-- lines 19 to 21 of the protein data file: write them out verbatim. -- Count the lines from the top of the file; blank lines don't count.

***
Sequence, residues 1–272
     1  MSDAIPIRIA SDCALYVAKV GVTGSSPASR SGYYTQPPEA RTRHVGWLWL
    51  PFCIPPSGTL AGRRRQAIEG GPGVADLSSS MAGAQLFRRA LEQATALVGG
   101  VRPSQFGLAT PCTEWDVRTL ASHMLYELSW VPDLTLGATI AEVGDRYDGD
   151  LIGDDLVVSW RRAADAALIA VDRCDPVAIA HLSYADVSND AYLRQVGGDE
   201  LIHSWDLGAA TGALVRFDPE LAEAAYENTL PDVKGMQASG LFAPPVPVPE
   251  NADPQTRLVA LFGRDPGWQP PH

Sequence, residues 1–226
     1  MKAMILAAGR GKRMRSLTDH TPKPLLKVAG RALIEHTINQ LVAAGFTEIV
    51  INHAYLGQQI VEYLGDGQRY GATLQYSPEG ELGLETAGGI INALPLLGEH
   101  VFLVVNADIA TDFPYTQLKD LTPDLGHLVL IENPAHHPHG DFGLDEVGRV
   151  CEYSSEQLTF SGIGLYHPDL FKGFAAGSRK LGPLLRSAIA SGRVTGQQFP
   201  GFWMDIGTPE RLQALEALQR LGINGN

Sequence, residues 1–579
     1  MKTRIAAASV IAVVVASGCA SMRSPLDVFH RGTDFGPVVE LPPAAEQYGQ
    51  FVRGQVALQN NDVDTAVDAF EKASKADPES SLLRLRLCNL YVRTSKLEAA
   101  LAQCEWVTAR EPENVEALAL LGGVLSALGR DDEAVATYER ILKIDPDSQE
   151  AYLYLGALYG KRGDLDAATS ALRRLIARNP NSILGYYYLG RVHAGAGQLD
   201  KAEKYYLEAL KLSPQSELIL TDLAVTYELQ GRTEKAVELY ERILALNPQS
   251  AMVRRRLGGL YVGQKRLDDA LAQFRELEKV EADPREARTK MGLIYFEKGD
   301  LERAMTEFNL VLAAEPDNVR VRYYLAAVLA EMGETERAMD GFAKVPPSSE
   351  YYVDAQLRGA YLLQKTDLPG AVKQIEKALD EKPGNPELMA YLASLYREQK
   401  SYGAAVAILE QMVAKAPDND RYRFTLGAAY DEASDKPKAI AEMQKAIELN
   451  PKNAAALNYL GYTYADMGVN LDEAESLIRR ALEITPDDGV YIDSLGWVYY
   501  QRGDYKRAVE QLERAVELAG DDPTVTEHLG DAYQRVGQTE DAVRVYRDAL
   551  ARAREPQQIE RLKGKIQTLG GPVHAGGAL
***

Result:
   201  KAEKYYLEAL KLSPQSELIL TDLAVTYELQ GRTEKAVELY ERILALNPQS
   251  AMVRRRLGGL YVGQKRLDDA LAQFRELEKV EADPREARTK MGLIYFEKGD
   301  LERAMTEFNL VLAAEPDNVR VRYYLAAVLA EMGETERAMD GFAKVPPSSE